How to Create an Ideal Bedroom for a Child with Autism
Are you considering revamping your youngster’s bedroom? Since children with autism face unique challenges, it makes sense to create a unique area to help them thrive. Here are some ideas to customize the space to improve your child’s quality of life.
When creating a great space for a child on the autism spectrum, it’s necessary to start with an understanding of autism and the way it affects a child’s senses. Children with autism can experience sensory overload from their environment, and it can come in a variety of forms. For instance, a child with scent sensitivities might struggle with eating certain foods that produce strong odors. Some children are bothered by touch and textures, and others by sounds. Visual overload is another concern for many children. Also, children might experience difficulties with more than one sense, and some children experience hypersensitivity to stimulation. When designing your child’s special space, think through what she does to feel comfortable, and which sensations she gravitates toward.
Reducing Sensory Input
There are several steps you can take toward cutting back the stimulation in your child’s bedroom. Consider soundproofing the space, such as with wall panels, acoustic windows, and thicker carpet. Choose a color scheme in soothing hues, such as lavender, pale blue, or gray, and do some decluttering so there isn’t a surplus of items to distract or confuse your child. If space is at a premium, one idea is to add some furniture that can multitask, such as a bed with built-in storage and a toy chest that doubles as a seat. It’s an easy way to put your square footage to work while avoiding excess clutter.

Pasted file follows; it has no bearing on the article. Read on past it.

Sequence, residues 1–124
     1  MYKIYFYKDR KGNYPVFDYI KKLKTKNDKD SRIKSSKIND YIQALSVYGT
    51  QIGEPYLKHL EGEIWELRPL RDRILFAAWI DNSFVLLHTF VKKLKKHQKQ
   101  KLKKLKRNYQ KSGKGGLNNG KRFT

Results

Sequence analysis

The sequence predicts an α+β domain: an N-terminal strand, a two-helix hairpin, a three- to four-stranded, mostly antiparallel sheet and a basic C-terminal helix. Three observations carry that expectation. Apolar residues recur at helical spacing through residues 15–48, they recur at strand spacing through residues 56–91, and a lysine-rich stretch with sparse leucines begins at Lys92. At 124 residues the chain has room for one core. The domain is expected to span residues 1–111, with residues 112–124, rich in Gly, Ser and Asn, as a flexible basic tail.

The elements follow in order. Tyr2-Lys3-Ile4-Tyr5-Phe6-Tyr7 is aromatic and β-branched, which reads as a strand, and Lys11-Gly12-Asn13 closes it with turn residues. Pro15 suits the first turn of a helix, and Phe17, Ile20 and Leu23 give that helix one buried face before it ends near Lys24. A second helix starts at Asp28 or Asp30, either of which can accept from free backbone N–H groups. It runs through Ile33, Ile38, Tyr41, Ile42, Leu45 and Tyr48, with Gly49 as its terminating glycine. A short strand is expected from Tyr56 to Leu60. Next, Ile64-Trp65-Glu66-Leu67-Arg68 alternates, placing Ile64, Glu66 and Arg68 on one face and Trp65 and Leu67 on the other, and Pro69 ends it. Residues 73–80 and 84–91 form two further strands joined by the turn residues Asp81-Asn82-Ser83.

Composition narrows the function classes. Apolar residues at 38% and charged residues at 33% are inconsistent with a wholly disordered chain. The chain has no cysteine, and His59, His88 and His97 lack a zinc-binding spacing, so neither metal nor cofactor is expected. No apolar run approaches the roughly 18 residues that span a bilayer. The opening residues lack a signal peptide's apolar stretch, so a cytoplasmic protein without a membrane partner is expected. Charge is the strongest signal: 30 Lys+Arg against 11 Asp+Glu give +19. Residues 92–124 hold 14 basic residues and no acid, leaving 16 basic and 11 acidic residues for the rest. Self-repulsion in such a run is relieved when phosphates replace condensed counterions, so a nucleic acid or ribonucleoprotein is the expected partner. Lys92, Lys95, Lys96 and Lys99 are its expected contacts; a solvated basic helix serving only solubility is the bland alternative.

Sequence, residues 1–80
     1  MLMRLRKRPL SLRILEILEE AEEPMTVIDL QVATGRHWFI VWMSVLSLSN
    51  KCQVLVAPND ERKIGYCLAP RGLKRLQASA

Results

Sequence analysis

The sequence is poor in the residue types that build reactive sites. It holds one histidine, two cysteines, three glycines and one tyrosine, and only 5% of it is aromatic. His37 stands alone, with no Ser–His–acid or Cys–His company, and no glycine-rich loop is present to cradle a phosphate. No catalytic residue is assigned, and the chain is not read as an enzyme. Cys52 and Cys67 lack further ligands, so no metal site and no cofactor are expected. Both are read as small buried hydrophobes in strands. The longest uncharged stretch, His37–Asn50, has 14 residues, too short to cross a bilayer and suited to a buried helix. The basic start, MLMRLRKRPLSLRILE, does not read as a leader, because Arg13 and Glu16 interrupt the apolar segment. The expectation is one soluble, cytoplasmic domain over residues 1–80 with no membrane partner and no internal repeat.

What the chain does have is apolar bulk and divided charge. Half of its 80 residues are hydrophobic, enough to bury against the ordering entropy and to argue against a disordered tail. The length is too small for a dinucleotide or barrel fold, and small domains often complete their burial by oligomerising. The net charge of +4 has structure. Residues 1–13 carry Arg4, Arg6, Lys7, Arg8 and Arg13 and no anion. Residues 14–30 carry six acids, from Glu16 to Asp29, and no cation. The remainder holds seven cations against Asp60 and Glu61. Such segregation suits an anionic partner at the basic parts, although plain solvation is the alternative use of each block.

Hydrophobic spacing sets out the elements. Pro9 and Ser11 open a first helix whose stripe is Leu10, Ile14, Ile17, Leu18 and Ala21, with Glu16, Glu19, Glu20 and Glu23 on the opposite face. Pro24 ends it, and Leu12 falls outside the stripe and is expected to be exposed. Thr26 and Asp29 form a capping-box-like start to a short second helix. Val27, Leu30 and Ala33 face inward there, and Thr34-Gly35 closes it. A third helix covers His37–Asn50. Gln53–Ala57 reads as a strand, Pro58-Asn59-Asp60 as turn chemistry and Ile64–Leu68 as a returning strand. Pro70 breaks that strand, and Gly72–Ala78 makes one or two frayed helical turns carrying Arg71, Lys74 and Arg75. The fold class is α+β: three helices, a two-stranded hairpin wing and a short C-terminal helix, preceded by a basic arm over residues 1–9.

Engaging with Order
Some experts note that children with autism appreciate and enjoy orderliness. With that in mind, tidying the bedroom can be an action in which your youngster plays an active role, boosting her comfort, giving her control over her space, and encouraging motor skills. House Beautiful suggests that using color-coded organization to help your child with tidying up. Learning to organize takes time for some autistic children, but with patience, it’s an opportunity for your child to feel more settled and secure.
Accessories to Consider
There are many options worth considering when accessorizing your child’s room. For instance, many children benefit from an outlet for sensory stimulation. Take into consideration what your child is drawn to, what she avoids, and areas of particular concern. There are many options out there to enhance your child’s life. For instance, a bean bag chair can provide desirable stimulation for children who want textile input and pressure without movement. A therapy ball is another option, and some children do best with a cuddle swing. Children who need to move more might prefer a trampoline or homemade ball pit. Another idea is to make a sensory tunnel. A weighted blanket can soothe when it’s time to sleep, and you can even make your own with simple DIY instructions from Instructables.
Lighter and Brighter
When selecting artificial light sources, some research indicates light bulbs can play a significant role in your child’s comfort. Bright lighting can be particularly helpful, with full-spectrum lights an ideal selection. It’s especially important to avoid fluorescent bulbs, as the sound and flicker can overwhelm people with sensory concerns. There are also indicators children on the autism spectrum can benefit from natural light sources. By increasing exposure to sunlight, you can potentially encourage better sleep habits, reduce agitated behaviors, and even cut down certain medications. With that in mind, choose window treatments that allow light in through the day, and consider talking with your doctor about adding a light therapy box to your child’s regimen.
Creating a bedroom tailored to your child’s unique needs can help her to thrive. Look for ways to organize the space, and think about what will soothe your youngster and help her focus. Your child can prosper, thanks to the great opportunities you provide in her environment.
Text: Jenny Wise